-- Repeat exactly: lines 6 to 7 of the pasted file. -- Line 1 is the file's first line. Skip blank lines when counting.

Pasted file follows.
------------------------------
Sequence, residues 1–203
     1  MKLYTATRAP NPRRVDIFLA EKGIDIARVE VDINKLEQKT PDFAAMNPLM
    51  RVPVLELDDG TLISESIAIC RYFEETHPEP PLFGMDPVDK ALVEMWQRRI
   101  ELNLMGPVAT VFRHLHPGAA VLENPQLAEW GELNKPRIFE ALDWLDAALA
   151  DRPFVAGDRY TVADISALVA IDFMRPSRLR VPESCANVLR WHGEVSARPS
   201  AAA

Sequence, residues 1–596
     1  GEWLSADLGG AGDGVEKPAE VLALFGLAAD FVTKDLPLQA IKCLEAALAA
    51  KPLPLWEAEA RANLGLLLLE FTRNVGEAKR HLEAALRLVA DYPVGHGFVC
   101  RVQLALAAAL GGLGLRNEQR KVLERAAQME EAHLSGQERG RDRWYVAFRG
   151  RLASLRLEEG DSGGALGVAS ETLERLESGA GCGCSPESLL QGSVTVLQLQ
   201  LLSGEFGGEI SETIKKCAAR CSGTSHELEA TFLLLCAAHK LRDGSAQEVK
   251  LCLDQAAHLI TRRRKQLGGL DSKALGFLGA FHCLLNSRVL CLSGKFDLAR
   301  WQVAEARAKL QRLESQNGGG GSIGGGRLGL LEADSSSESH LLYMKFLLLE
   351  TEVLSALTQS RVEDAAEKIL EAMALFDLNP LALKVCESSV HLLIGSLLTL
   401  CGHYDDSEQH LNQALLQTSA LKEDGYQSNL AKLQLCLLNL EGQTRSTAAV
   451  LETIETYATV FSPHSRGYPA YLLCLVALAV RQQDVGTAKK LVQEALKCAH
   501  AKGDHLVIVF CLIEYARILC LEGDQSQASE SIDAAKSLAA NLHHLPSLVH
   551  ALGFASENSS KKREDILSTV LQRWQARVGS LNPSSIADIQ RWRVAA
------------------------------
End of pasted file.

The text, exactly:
   201  AAA

Sequence, residues 1–596